The other Side of the Sky by Arthur C. Clarke (1959)

November 8th, 2009

For some reason I did not read many books by Clarke. In later years I listened to some of the Rama books on tape and thought them insipid. I did not like his novel Childhood’s End, perhaps because it was required reading in High School. There was a time when I decided to concentrate on just a few authors and I left Clarke off the List.

The other short story collection by Clarke that I did like was Tales from the White Hart. I should have pursued other Clarke short story collections, but to my regret, I did not.

The Other Side of the Sky consists of 26 short stories, most of which are not much more than 1500 words. This is amazing in a time when authors were paid by the word and editors actually preferred novella length works over short stories. Each story is a perfectly cut crystal. The idea, characters and plot are precisely crafted and perfectly presented. A story, to Clarke, is a nugget of scientific information, wrapped with a character in conflict topped off with an interesting conclusion, almost always ending with an O Henry style punch line. The punch line is like a small prize at the end of each story that gives it just a little extra kick. Clarke’s resemblance to O Henry is more than just passing. He has that ability express the human condition in the midst of the clutter of life that O Henry did so well.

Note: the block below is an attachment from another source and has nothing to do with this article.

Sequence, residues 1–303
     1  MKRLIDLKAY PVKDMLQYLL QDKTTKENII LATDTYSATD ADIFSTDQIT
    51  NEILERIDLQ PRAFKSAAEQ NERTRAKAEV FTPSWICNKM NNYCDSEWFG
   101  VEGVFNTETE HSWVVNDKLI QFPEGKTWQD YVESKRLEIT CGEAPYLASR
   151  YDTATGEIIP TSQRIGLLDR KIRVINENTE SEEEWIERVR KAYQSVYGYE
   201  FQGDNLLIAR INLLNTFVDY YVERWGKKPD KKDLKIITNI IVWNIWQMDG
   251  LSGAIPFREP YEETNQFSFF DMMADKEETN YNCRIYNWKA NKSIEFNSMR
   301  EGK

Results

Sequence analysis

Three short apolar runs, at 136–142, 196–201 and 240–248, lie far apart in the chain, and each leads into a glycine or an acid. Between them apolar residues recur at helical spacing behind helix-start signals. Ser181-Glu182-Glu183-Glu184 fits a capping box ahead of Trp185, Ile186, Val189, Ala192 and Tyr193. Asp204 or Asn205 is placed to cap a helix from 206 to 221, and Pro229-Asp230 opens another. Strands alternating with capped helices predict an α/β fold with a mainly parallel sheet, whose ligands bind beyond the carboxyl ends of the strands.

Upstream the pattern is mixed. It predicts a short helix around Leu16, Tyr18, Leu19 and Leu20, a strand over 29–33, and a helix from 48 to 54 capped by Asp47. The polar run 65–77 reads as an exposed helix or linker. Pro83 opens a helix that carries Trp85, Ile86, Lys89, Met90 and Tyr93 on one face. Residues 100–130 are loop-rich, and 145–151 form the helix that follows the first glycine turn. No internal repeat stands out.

The single longer piece is The Songs of Distant Earth, which is about twice as long as any other story in the collection. It is my favorite and involves a hopeless love affair between a far future space explorer and a woman on a lost human colony deep in space. Clarke later fleshed it out to book length with other plots about the race to save earth, and even wrote a screenplay based on it, but the story is perfect as it stands. I think making it longer would have ruined it. The story has a deep emotional impact and I have added it to my list of top 10 SF short stories of all time.

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I started reading Science Fiction in the 1950s. I started Writing SF in the 1960s. Then, I had a life. Now I am retired, raising chickens and keeping bees. I am still an avid reader and I have sold about 70 stories in the last 20 years.
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